Wednesday, March 29, 2006

I've Been Drinking

When I was 18, my boyfriend cheated on me. You know this. Well, you know this is you knew me when I was 18 and lived in Cold Lake.

Anyways, continuing with the story, when I was 18, my boyfriend cheated on me. I found out he was living with his other girlfriend (!) but I wasn't surprised. As a result, I pushed him down a flight of stairs. (Sadly, there were only 3 stairs in the flight, since it was actually just my front stoop. Nonetheless, the thought was there.)

In retaliation, he decided to learn how to skateboard to win my heart back.

Just to clarify, my boyfriend when I was 18 lived on the reserve, and thought he was black. ("You know you're not black and living in Harlem, right?" I asked him once, with a raised eyebrow. "I'm as close to be black as it gets," he told me, in defense. I guess he was right, since Cold Lake only really has white people and Native people.)

Anyways, he called me up one day.
"What do you want?" I asked him bitterly.
"To talk to you."
"And?"
"I've been working on something, and I want to show it to you, but not yet."
"What is that?"
"I can't tell you yet."
"Okay, that's nice. Bye."
I hung up on him.

Two weeks later, Helka and I were driving when we spotted him skateboarding down the bike trail.

Our laughter was uncontrollable.

The End.

Sunday, March 26, 2006

Summer Never Comes

I'm growing weary.

There's too much. There's a man yelling at me, "Hey princess! Merry Christmas!" He's wearing a Santa hat and little else. It's the end of March.

There's a dead cat on the neighbour's front stoop in the morning. It hasn't died of natural causes, and a grey wifebeater covers its lifeless face.

There's internships and jobs and paycheques and beer and billboards.

There are too many words, and when there is finally silence, the clock ticks much too loudly and the sirens are deafening.

I want to be someplace completely absent of concrete, even if it's just for a few moments.

(How long is one moment though?)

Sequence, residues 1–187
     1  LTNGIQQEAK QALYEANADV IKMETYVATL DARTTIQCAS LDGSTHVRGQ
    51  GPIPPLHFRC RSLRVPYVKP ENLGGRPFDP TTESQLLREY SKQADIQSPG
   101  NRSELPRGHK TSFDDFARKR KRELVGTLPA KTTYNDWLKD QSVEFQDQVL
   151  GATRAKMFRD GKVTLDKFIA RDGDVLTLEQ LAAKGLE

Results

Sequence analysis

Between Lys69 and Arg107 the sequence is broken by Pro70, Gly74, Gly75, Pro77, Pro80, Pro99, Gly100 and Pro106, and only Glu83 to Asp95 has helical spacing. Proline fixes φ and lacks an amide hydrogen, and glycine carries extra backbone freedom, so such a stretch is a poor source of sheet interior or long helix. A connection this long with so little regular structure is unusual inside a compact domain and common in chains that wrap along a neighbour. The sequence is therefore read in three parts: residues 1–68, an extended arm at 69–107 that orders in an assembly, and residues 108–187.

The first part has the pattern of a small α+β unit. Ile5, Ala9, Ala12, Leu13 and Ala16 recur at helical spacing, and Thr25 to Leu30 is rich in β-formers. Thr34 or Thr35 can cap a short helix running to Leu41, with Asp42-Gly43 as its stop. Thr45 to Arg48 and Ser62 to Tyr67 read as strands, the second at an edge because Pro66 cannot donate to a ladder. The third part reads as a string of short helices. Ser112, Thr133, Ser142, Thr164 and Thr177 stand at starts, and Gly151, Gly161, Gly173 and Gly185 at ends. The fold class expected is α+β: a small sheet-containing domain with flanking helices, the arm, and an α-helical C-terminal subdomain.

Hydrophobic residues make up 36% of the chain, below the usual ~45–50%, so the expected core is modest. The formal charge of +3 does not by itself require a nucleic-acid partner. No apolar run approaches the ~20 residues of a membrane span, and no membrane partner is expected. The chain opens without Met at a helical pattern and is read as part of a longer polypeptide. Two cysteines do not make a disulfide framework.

Saturday, March 25, 2006

Breaking the Dave Cave Hiatus

It's incrediably hard being the star of a CD-ROM that is going to be distributed to roughly 7,000 new students at Ryerson with their orientation packages. (I actually mean this in complete sincerity. I was exhausted after spending all day yesterday regurgitating the same lines, all of which ended with an exclaimation mark.)

So I made myself a rye and coke. I was grumpy and had no intentions of going out. I tried to convince myself that staying home was the sensible option, and asked myself, "C'mon Jess, do you really think that the nightlife in Toronto can't survive without you?"

Well, it probably will. But I'm always sure that if I don't leave the house, something exciting will happen in my absence.

So I went to the store to get some Red Bull, which I have only ever had once before. I'm not a huge fan.


After drinking some more rye and the Red Bull, I took a surplus of pictures of myself.


And of Katrina, who demonstrated all the ways she posed nude in Richard's studio yesterday.





I took a brief break from taking pictures of myself for a short session of arts and crafts.


Because I really don't trust myself.


Katrina and her friend Caitlin.











First, we went to the Velvet Underground, where the bouncer took his job way too seriously. "How many drinks have you had?" he grilled Katrina, "I'm going to have to talk to my supervisor before I left you in." (The ridiculous part was that Katrina wasn't drunk.)


I quickly got annoyed with the DJ and his erratic choices, so we jumped into a cab.


We couldn't figure out why our cab driver wouldn't let us take pictures of him.


That is until Katrina noticed something odd. "Hey, why don't you have your picture and your cab registration on display? Isn't that illegal?"

He seemed more than happy to drop us off at Dance Cave. Caitlin got on the phone with one of her friends, and tried to convince him to come out, by telling him who was out, most of whom were fictional people.

"Everyone's here! Andrew's here, Katrina's here, Jess is here! Uh, Bobbi Sue is here! Ummm....Guido is here!"

". . .and, uh, what's your name?"

"Chris."

"Chris is here! I'll let you talk to Chris!"


Even though our new friend Chris already had a stamp to get in, he seemed all too willing to wait outside in the line with us. I have no idea why though.


Caitlin and I.


In my two-month long absence, it seems like I haven't missed much at Dance Cave. Although, apparently they finally got their November issue of Spin, because they're now playing Tom Vek. I'm glad that they got that memo. (Or maybe they just watched the O.C. two weeks ago. Either way, I'm annoyed. . .and probably a bit of a music snob.)